From oct 2010 my educational posts are published only on Pip

19 sep. 2011

Context and feminism differs

Fortunately the surreal Dubai experience was balanced with real life of the same weight. There were eleven very real women telling us their very real stories. It was just as inspiring to discover how we were just alike, our meeting-points, as to be bewildered by the differences. As women, or even just ambitious social entrepreneurs, there are no discrepancies. The contexts are widely separated.

The Iranians rest in my mind with their listlessness. I felt they didn't have much hope for any changes and I'm not sure that they knew what changes they wanted. They seem to often rely upon medical and scientific proofs and it was clear that our countries don't present the same facts. In Sweden we believe homosexuality proven not to be a contaminating disease and women are not yet proved to be better fitted in sense of orientation than men.

Our Egyptian queen-like participants confirmed a sense of that not much has changed after the revolution, but when digging a little deeper it turned out that she was now allowed to talk about what ever she wanted to talk about in public and people are performing and letting their messages out loudly on the streets. The remaining frustration is not to disrespect though. It requires lots of energy, dreams and high goals to succeed with the performance of this people - they have still far to go to reach the goals they were breaking the ice for.

The Palestinian girls could have been my Stockholm neighbours and yet they and their parents have been living in contingency for all of their lives. Revolutionized news can never touch them as they have never had a stable state. These entrepreneurs have huge will to make change and even though they found it hard to register a company targeting a good cause, they had found their own ways to deal with it - slow but concrete. Both them and the Jordanian girl had run into system problems with their projects when trying to create job opportunities for unprivileged women. Women who are not allowed to work in a house where there is a man present or carry the garbages outside the house are not easy to engage and when succeeding their salary goes directly to her husband anyway. But clearly the failures only create new ideas to move forward.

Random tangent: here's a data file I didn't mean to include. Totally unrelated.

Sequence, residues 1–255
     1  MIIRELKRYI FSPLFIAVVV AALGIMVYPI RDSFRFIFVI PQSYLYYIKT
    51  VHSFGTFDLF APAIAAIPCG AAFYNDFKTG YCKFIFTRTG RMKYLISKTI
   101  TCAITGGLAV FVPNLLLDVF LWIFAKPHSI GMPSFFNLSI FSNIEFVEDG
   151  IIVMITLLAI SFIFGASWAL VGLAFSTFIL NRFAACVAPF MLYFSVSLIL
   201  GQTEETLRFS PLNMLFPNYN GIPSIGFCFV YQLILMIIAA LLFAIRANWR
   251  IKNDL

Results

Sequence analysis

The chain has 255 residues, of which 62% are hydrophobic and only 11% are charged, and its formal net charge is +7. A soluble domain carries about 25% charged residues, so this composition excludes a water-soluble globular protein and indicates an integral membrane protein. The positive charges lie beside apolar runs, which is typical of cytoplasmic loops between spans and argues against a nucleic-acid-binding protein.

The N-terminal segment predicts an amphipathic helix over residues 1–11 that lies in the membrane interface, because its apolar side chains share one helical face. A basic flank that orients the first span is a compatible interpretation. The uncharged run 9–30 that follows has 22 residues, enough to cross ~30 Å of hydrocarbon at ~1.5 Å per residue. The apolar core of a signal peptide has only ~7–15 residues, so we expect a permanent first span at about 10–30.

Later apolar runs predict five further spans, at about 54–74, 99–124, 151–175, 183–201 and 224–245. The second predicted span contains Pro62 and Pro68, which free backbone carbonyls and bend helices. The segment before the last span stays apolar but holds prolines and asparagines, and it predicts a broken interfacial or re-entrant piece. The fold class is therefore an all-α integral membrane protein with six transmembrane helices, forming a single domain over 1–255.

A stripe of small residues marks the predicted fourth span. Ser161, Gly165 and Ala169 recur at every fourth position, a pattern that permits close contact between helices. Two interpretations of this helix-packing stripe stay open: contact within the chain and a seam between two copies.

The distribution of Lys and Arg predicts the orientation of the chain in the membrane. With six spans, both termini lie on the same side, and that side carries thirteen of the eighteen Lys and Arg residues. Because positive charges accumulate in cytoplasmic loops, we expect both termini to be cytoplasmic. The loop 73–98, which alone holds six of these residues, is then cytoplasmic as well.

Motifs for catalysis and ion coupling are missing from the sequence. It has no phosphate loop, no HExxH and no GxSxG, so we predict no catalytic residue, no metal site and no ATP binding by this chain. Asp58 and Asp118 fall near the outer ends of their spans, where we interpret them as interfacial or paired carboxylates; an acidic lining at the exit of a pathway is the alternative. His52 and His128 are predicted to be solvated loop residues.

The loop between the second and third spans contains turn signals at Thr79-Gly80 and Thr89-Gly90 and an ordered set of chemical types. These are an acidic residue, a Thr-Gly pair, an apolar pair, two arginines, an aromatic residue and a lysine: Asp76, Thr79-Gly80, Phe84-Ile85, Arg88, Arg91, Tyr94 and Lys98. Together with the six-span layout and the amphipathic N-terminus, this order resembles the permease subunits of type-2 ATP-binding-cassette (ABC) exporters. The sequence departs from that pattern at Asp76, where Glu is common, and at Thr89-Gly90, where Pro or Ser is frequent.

The Syrian was a chapter of her own - a woman in the middle of a revolution. Every piece of her and her story felt invaluable, and I am just happy that there are people like her. It's those who make changes come true. She had it in her finger tips. I feel certain that we will read about her and her friends in the history books in the future - that I've met a historic person.

We also met three outstanding Dubai located women volunteering for the Acumen Fund. They had all changed their banker careers in New York for the same in Dubai. I have never ever dreamt of beeing an investor but they made me envy their skills in making big money and investing them in huge long term beneficence projects around the world. I'd like to put them on tour inspiring all hungry economy students to become rich and beneficent.

I guess the only subject we never touched during these three days was feminism.
Some of the projects in the group aim to spread women's rights to those who don't know them, and I'm sure we all had the same base in the Universal Declaration of Human Rights, but feminism is much more complex than that. While someone believes that wearing hijab is the only right way to live life even though she by that is forbidden to enter night clubs or even take a job, someone else believes that the color of pink by itself will turn girls to limited helpless souls. These are sensitive matters - true to one and false to another.

We had a engilded tea at the Emirates Palace hotel in Abu Dhabi after having been rejected to enter the night club due to wearing hijab. By respect for the religion they said - unsexy and conciously excludingly I suspect.

Soledad Pinero Misa och Malin Speace

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